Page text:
Ayurveda and Listening to Your Body in the Winter

Posted on February 5th, 2014 by in Ayurveda

snowby Sarajean Rudman

The cold months, coupled with a heavier, acidic diet, often induce feelings of lethargy and inertia. To counteract the sluggishness (which might be seen as a kapha imbalance through the lens of Ayurveda), try incorporating three simple routines into your morning. Regular practice will pacify the heavy kapha elements of earth and water without exacerbating the light vata elements of ether and air that dominate the season. Remember that in winter, we do need extra rest and a warming diet, so listen to your body. Is it asking for extra sleep—or a round of Sun Salutations to shake off the slumber?

  1. Perform garshana, or dry skin brushing, daily before showering, using raw silk gloves and a skin brush, soft sponge, or facecloth. Massage the skin toward the heart, applying long strokes on long bones and circular strokes on your joints (avoid massaging heart and face). This strips off dead, dry, rough skin and improves circulation. Finish with your feet.
  2. Upon waking, use a neti pot with a simple saline solution (available at most health-food stores or online) to clear the sinuses. This wards off illness by clearing out germ-harboring mucus, allows for deeper breathing, and improves our olfactory function. Apply a dab of sesame oil in each nostril after use.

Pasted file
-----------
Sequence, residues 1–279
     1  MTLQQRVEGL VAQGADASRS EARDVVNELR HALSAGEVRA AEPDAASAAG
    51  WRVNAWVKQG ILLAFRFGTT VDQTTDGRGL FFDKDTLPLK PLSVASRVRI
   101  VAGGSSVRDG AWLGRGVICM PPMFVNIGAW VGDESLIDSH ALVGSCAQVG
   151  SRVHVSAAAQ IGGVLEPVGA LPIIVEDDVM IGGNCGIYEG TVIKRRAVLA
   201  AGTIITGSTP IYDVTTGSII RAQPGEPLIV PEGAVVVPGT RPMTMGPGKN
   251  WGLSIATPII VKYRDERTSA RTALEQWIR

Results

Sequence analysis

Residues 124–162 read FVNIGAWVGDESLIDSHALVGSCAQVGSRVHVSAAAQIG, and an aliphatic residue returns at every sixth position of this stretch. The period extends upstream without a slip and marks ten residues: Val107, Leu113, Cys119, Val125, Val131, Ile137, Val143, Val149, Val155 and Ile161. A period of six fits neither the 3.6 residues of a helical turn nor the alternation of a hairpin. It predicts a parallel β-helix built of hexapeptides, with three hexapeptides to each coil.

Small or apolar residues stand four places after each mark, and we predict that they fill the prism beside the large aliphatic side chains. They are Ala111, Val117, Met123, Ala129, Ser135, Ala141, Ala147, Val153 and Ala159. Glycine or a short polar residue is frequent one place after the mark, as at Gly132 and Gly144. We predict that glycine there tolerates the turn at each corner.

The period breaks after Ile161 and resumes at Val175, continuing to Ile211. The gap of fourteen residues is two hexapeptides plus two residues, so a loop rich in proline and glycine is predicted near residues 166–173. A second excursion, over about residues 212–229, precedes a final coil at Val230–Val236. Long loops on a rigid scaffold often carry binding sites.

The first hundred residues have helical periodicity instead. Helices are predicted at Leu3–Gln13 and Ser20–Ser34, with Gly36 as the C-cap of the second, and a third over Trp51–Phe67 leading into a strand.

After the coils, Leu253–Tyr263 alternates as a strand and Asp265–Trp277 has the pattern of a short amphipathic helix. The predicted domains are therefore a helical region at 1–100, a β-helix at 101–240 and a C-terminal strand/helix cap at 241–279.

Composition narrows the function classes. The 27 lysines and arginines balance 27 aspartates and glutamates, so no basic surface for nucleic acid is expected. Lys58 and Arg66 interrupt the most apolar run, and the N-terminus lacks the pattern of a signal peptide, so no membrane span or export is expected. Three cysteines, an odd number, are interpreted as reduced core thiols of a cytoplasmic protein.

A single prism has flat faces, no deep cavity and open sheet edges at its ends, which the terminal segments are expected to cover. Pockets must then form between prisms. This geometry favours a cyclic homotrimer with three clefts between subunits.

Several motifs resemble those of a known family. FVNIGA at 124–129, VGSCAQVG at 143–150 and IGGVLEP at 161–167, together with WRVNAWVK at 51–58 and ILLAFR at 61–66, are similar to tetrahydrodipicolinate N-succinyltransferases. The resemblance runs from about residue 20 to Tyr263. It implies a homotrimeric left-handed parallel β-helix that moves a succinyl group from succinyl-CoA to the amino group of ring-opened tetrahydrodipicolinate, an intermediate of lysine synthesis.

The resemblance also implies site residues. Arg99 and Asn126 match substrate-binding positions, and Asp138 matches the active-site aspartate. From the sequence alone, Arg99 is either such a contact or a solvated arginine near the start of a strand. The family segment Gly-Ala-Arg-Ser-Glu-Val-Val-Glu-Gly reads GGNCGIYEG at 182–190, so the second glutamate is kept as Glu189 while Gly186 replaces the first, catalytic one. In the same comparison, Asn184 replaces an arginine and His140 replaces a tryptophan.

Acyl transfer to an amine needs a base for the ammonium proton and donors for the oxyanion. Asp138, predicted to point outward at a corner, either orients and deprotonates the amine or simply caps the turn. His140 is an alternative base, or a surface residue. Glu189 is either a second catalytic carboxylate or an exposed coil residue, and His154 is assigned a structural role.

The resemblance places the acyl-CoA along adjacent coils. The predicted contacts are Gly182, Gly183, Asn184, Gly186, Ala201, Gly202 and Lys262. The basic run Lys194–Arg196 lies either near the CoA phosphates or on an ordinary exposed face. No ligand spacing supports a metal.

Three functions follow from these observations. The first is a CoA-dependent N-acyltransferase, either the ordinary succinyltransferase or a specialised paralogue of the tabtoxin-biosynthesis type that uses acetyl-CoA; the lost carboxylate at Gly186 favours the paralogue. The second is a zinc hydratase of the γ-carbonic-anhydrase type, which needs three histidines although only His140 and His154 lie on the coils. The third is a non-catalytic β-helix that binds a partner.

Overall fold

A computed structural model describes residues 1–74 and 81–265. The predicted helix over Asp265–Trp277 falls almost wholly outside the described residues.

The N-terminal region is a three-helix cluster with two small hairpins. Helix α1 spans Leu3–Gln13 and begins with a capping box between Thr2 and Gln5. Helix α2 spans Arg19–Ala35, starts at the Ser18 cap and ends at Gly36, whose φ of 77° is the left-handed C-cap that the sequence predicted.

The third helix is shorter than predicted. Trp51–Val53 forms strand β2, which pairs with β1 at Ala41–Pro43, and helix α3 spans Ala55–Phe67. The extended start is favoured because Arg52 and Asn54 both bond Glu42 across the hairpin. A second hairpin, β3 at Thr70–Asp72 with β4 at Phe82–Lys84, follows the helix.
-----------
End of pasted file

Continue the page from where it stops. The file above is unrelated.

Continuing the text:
3. Practice five to 10 rounds of a simple Sun Salutation, igniting peristalsis (which stimulates metabolism and elimination), raising the core temperature of the body, getting  the lymphatic system moving, and waking up the nervous system. This will invoke the qualities of warmth, mobility, and lightness to oppose the cold, inert heaviness of built-up kapha.

If you’re able to spend more time on your morning practice, here are a few invigorating suggestions to incorporate into your sequence:

  • Twists of all kind help to wring out the heaviness and mucus that can build up from excess kapha. Try twisting in Chair pose, Lunge, and/or seated postures.
  • Integrate Warrior variations with a deep bend in the front knee (while remaining safe and compassionate with your body), keeping heart and shoulders open as you reach and look up toward the sky.
  • Pulse in and out of Cobra pose, opening the heart and front of the body, where kapha can build up.
  • After an exhale, pause and hold out the breath for a moment before inhaling. Do this several times and pause to observe the sensation.
  • Turn your drishti, or focused gaze, upward toward the ceiling or sky as you move.
  • Throw in a few challenging poses, such as Plank or Balancing Stick, or stay longer than usual in Warrior II. Notice how you feel as sensations begin to build.
  • Invoke a deep and audible ujjayi pranayama (Ocean-Sounding Breath) throughout your practice.
  • Take time to meditate at the end of the practice, using a warming visualization such as the sun or a flame.
  • End with a short Savasana, a seated meditation, or a restorative, supported inversion like Legs up the Wall.

Sarajean Rudman is a yoga teacher and the Kripalu School of Ayurveda Intern.

Find out more about our upcoming 500-Hour Ayurvedic Yoga Teacher Training module: Integrating Ayurveda Into Yoga Teaching, March 14–23, with Larissa Hall Carlson and Scott Blossom.